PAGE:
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Mandolin Cafe

Shared by Dawn Mandolin Cafe Photo

The mandolin holds a special place in my heart and in the community of highlands. It's warm, welcoming and unique vibe makes it the perfect place to get away. Cozy on a cold winters day or a summer time patio filled with beautiful flowers.
Located in one of the oldest districts in Edmonton. Community, arts and sustainability focused. They sell and trade books, display different artists work each month and have an amazing selection of loose tea. Each time I come here it's a unique and special experience.

Mandolin Cafe Photo

Fringe & Willow

Shared by Jen 7507 Borden Park Rd NW, Edmonton, AB T5B 4W8, Canada Fringe & Willow Photo

My favourite Edmonton art is the Vaulted Willow in Borden Park, and my favourite festival is The Fringe!

Fringe & Willow Photo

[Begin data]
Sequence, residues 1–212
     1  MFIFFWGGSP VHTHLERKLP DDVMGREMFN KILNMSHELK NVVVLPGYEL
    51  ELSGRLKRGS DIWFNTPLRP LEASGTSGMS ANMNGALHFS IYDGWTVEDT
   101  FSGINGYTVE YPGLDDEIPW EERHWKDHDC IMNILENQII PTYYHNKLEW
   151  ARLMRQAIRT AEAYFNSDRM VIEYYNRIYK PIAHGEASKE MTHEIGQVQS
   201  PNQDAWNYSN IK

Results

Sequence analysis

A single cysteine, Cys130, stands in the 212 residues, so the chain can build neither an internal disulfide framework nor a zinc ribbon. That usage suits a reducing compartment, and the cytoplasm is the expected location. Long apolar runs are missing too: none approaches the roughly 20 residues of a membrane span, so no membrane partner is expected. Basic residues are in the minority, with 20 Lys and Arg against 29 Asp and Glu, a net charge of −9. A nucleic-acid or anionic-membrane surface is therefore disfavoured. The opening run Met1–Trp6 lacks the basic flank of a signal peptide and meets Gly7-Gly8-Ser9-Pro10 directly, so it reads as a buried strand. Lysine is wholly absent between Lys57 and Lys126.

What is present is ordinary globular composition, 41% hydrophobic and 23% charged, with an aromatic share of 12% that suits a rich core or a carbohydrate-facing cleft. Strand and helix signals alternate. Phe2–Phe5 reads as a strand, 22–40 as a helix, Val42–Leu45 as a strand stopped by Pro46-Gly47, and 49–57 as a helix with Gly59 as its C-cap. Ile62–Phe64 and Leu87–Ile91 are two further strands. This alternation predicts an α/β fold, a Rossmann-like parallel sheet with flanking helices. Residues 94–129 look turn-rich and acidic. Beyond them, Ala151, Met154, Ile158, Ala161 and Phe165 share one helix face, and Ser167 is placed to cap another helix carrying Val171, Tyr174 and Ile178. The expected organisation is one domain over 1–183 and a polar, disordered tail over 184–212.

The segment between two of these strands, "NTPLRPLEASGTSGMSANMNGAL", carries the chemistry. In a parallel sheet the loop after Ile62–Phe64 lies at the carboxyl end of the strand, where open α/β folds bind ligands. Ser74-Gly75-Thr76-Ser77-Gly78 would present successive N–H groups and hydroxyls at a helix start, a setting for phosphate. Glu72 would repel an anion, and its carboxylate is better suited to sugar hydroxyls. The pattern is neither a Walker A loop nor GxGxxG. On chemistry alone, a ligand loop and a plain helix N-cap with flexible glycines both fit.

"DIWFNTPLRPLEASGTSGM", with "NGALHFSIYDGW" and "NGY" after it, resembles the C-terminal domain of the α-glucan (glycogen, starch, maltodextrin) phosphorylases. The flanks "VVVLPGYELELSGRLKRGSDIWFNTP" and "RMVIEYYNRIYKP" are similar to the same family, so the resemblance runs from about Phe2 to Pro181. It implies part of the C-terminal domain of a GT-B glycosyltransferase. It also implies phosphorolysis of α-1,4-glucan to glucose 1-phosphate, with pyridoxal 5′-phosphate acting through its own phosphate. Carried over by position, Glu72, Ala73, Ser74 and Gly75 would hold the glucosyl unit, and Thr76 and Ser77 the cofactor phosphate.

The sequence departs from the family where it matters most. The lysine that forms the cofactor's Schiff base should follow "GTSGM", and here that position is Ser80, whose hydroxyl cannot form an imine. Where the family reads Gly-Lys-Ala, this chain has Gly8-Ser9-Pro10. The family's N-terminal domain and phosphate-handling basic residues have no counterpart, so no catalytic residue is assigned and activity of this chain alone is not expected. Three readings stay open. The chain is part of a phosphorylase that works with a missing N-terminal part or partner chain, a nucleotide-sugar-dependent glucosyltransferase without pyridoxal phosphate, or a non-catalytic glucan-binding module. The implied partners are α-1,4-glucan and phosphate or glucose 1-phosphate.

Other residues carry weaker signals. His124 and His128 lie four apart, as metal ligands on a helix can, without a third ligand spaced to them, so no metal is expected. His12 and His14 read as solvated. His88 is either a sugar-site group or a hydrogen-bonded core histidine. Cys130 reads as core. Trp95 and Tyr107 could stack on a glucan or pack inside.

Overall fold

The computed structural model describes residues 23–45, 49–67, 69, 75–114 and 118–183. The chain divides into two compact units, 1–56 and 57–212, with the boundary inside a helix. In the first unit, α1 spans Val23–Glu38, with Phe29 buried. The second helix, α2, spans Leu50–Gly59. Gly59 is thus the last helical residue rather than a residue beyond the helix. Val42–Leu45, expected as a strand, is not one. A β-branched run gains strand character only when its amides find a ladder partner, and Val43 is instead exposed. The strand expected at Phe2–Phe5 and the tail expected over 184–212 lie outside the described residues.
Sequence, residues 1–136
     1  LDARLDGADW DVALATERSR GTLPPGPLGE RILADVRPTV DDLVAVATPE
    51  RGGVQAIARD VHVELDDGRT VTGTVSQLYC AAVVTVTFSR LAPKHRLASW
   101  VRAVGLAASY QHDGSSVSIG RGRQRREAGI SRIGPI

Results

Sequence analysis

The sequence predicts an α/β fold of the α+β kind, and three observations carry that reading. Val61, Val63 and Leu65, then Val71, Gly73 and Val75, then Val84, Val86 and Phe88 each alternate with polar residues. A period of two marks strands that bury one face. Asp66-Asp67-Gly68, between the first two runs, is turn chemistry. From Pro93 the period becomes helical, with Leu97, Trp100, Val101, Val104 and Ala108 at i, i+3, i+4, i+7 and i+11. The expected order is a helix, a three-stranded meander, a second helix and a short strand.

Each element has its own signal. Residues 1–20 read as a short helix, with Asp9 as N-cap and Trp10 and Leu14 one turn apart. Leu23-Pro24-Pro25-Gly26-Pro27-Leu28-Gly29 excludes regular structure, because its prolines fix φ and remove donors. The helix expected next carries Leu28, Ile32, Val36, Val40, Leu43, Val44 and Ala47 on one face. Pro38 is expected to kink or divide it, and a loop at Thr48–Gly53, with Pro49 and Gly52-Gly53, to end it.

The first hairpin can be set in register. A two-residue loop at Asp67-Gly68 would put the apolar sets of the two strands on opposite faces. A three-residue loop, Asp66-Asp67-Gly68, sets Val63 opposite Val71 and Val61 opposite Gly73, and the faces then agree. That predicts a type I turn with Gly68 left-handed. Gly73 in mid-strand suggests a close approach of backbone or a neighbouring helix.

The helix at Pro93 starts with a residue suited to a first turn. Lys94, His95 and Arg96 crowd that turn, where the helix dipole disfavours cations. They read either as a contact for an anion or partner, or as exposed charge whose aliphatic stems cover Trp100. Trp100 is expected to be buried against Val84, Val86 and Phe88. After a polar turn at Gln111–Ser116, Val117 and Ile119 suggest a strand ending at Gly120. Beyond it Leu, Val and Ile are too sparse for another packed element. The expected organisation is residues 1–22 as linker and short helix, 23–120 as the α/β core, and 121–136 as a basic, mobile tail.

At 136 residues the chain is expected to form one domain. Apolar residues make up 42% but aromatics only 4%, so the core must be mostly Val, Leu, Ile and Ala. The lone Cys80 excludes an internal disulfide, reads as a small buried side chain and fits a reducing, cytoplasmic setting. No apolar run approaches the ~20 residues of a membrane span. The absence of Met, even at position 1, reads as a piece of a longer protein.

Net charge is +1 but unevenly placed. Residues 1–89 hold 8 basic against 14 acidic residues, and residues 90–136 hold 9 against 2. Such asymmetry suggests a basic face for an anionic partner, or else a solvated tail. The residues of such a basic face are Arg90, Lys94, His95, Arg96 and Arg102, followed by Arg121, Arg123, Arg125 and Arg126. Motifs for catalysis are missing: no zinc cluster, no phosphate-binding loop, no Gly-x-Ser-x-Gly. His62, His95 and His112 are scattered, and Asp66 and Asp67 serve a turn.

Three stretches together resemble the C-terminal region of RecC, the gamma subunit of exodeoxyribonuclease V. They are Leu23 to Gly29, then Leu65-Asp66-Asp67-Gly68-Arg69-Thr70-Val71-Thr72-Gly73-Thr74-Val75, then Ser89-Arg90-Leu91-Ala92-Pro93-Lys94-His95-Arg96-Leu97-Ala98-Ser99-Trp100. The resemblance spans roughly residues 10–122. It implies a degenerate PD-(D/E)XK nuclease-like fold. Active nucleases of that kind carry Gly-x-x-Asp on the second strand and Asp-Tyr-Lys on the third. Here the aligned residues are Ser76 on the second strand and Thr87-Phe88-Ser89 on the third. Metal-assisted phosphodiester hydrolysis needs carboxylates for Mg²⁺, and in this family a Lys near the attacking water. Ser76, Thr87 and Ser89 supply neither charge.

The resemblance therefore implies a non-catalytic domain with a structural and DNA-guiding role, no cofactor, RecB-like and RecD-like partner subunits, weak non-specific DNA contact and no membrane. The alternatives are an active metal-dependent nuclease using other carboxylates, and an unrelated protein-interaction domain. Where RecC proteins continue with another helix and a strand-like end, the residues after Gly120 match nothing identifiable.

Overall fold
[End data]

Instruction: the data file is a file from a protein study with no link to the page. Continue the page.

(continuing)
Repurpose Building

Shared by Natasha Corbett 7515 118 Ave NW, Edmonton, AB T5B 4M9, Canada

What is most important to me about living in Edmonton is that I have always had a home to live in, and a family to care for me. I have never had to worry about being outside for a long time in a cold Edmonton winter. Or stuck outside in the sometimes very hot summers, we are in a fairly extreme climate. Not everyone in this city is as lucky, and we have homeless people in Edmonton. Often times people who end up on the streets do not actually choose to be there. When we live in a climate as unforgiving as ours, people die in the streets of Edmonton every year. It would be amazing to transform Rexall place, or part of it, into a multi-purpose rehabilitation center and housing for the homeless.